October 25, 2015

Ant-Man (2015)

Scott Lang (Paul Rudd) is a thief recently released from prison. All he wants is to secure a stable, legal job and spend time reconnecting with his young daughter Cassie. Instead he finds himself drawn into a scheme by retired scientist and entrepreneur Hank Pym (Michael Douglas) to steal dangerous shrinking technology from his former company before it can be sold to the highest bidder.

In the last two years or so Marvel Studios have been deliberately pushing the envelope on its superhero movies, almost as if the company's heads are trying to find out how far they can push their successful mega-franchise before audiences get too weirded-out to follow any more. Last year's enormously successful Guardians of the Galaxy demanded audiences follow a science fiction comedy team that featured a talking raccoon and a dance-off climax. This year's Ant-Man takes what has to be one of the most easily mocked superheroes and turns it into a crowd-pleasing action comedy.

Is Ant-Man perfect? No - in fact it's probably the most mediocre film Marvel has released thus far (not worst - just the most middle-of-the-road). Thanks to some clever set pieces and an appealing cast it manages to be a pretty entertaining ride despite its flaws.

Its key asset is Paul Rudd, a long underrated comedic actor finally given a chance to be a fully-fledged Hollywood star. He has an effortless sense of comic timing, and a very relaxed and nonchalant persona, and that saves the film from becoming self-parody. Ant-Man simply sounds ridiculous, but rather than present the character straight-faced or deliberately make a mockery of it, Rudd takes a middle course of noting how stupid the character sounds while still demonstrating a lot of heroism and integrity.

Michael Douglas is great as Hank Pym, but then I've always been a fan. It's another case of Marvel casting a supporting character with a pitch-perfect actor, much as they did with Samuel L. Jackson as Nick Fury or Anthony Hopkins as Odin. Thanks to some impressive visual effects there's even an eerie prologue scene set in 1989 where Douglas looks like he's stepped off the set of Wall Street.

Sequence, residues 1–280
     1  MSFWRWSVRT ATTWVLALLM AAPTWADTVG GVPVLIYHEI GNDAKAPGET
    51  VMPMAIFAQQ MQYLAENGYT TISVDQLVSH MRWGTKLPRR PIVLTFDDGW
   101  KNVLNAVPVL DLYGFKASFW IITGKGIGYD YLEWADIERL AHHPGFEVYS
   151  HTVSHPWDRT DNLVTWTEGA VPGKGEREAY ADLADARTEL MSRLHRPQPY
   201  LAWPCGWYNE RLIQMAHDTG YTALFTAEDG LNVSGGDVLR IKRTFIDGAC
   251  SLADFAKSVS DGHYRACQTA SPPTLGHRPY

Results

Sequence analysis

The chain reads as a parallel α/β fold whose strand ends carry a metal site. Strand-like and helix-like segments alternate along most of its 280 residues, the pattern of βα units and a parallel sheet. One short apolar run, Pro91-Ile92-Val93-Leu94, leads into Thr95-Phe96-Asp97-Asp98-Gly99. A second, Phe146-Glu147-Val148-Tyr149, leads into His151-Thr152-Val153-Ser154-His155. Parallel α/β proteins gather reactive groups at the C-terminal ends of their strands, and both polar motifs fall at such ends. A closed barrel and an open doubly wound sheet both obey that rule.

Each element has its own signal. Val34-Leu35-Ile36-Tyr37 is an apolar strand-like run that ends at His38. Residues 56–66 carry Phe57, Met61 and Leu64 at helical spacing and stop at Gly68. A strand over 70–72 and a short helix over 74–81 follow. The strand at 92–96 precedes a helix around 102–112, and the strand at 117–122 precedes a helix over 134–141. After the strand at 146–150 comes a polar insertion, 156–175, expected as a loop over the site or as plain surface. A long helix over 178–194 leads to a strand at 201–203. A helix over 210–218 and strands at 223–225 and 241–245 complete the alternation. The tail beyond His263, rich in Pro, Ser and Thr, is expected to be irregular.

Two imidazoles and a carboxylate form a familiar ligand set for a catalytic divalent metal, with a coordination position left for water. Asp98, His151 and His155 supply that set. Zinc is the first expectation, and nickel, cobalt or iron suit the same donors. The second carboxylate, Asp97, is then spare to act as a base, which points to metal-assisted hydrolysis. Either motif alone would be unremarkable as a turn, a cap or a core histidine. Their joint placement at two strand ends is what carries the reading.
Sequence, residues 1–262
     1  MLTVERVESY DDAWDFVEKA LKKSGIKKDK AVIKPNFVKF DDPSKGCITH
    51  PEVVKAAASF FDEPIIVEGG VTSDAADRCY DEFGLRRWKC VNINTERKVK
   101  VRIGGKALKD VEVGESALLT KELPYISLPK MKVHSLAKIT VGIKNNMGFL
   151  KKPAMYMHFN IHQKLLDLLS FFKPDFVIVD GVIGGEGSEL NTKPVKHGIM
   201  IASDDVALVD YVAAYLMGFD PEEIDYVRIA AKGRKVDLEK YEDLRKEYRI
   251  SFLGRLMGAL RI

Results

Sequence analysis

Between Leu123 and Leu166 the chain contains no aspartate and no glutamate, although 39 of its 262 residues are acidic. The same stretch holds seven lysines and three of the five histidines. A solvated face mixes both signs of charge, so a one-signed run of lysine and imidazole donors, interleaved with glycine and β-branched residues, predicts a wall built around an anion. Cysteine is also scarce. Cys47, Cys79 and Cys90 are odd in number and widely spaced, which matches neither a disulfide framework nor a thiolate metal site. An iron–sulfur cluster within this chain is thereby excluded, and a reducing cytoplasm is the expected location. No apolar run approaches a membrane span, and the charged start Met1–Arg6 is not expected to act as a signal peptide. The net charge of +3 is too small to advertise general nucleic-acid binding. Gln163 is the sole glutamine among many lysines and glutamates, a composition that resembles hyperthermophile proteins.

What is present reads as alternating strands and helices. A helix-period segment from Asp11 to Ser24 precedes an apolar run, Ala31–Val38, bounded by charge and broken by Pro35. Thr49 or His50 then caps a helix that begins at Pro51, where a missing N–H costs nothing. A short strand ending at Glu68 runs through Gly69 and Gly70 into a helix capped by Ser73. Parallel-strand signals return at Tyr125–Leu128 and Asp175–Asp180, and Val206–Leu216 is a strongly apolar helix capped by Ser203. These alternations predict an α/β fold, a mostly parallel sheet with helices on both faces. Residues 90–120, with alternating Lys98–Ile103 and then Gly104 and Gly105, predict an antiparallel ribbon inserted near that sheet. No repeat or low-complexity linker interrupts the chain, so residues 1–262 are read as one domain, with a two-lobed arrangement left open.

Evangeline Lilly does good work with what she's given as Pym's daughter Hope Van Dyne, but the sad fact is that she simply doesn't get anything of note to do. She feels like a placeholder for the sequel, where she can add variety in her super-heroic guise as the Wasp, but in 2015 filmmakers have a responsibility for their female characters to be more than placeholders. It's a wasted opportunity, and the film's greatest weakness.

Corey Stoll plays a charismatic villain, Darren Cross, although he's struggling a little with a character a little too like several former Marvel antagonists. After seeing Obadiah Stane in Iron Man, Ivan Vanko in Iron Man 2, and Aldritch Killian in Iron Man 3, Cross feels like one too many rich industrialists fighting a superhero using some sort of superior version of the hero's own abilities. It's part of what makes Ant-Man feel a little by-the-numbers: we've been here before and seen a lot of it done better.

Of course the film spent years in development under original director Edgar Wright - who retains an executive producer credits - and fans are always going to wonder how his take on the story might have differed. In the hands of replacement director Peyton Reed it's amiable and competent, but that's honestly about it. It's fun to watch - but also easily skipped.

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